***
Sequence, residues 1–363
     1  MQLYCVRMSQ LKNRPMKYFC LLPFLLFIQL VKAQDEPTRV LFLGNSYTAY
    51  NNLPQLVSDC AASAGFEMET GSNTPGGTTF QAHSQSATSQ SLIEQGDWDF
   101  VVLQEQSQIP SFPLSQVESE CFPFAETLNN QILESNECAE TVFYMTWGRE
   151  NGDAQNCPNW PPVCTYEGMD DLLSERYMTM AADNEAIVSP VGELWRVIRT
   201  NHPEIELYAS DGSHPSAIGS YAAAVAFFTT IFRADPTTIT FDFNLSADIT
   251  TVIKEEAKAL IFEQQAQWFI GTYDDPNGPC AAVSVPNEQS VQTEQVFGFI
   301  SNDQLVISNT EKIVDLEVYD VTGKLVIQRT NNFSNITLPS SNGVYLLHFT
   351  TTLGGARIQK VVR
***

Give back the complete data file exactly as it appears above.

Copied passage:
Sequence, residues 1–363
     1  MQLYCVRMSQ LKNRPMKYFC LLPFLLFIQL VKAQDEPTRV LFLGNSYTAY
    51  NNLPQLVSDC AASAGFEMET GSNTPGGTTF QAHSQSATSQ SLIEQGDWDF
   101  VVLQEQSQIP SFPLSQVESE CFPFAETLNN QILESNECAE TVFYMTWGRE
   151  NGDAQNCPNW PPVCTYEGMD DLLSERYMTM AADNEAIVSP VGELWRVIRT
   201  NHPEIELYAS DGSHPSAIGS YAAAVAFFTT IFRADPTTIT FDFNLSADIT
   251  TVIKEEAKAL IFEQQAQWFI GTYDDPNGPC AAVSVPNEQS VQTEQVFGFI
   301  SNDQLVISNT EKIVDLEVYD VTGKLVIQRT NNFSNITLPS SNGVYLLHFT
   351  TTLGGARIQK VVR